Michael Wigler

Michael Wigler

Russell and Janet Doubleday Professor of Cancer Research
Cancer Center Member

Ph.D., Columbia University, 1978

wigler@cshl.edu | 516-367-8377

Wigler Lab Website   Faculty Profile

Devastating diseases like cancer and autism can be caused by spontaneous changes to our DNA—mutations first appearing in the child, or in our tissues as we age. We are developing methods to discover these changes in individuals, tumors, and even single cells, to promote early detection and treatments

Michael Wigler’s work provides a new paradigm for understanding and exploring human disease. The Wigler lab studies human cancer and the contribution of new mutation to genetic disorders. The cancer effort (with James Hicks, Alex Krasnitz, and Lloyd Trotman) focuses on breast and prostate cancers. It involves collaborative clinical studies to discover mutational patterns predicting treatment response and outcome and the development of diagnostics to detect cancer cells in bodily fluids such as blood and urine. The major tools are single-cell DNA and RNA analysis. The single-cell methods, which are in development, are also being applied to problems in neurobiology (with Josh Huang and Pavel Osten) to characterize neuronal subtypes, somatic mutation, and monoallelic expression. The Wigler lab’s genetic efforts are a collaboration with Ivan Iossifov and Dan Levy, and this team focuses on determining the role of new mutations in pediatric disorders. In a large-scale population sequencing project with W. Richard McCombie and the Genome Sequencing Center at Washington University in St. Louis, and supported by the Simons Foundation, the team has proven the contribution of this mechanism to autism. The work further suggests a relationship between the mutational targets in autism and the process of neuroplasticity that lies at the heart of learning. Smaller-scale population studies of congenital heart disease and pediatric cancer (collaborations with scientists at Columbia University and Memorial Sloan- Kettering Cancer Center, respectively) also point to new mutation as a causal factor in these disorders.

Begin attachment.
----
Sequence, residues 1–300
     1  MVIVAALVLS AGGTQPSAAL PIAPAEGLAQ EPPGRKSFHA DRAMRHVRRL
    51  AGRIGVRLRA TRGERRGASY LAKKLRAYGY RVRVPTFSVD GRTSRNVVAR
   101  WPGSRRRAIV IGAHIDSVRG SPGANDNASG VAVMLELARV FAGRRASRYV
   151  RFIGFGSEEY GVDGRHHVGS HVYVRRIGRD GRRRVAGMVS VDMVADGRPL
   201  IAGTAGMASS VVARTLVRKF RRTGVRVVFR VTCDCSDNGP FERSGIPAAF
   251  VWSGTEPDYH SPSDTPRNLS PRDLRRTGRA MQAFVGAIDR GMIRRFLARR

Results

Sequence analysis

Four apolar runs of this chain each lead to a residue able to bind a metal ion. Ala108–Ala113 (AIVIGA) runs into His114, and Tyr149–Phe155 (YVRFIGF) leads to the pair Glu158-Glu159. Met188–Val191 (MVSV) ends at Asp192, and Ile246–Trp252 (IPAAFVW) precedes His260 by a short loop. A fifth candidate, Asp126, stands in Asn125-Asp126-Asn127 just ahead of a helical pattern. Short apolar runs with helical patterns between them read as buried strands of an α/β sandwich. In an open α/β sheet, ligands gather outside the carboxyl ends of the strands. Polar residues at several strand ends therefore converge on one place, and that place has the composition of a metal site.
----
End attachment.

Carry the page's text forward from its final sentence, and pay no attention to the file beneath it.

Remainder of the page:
Building publication list.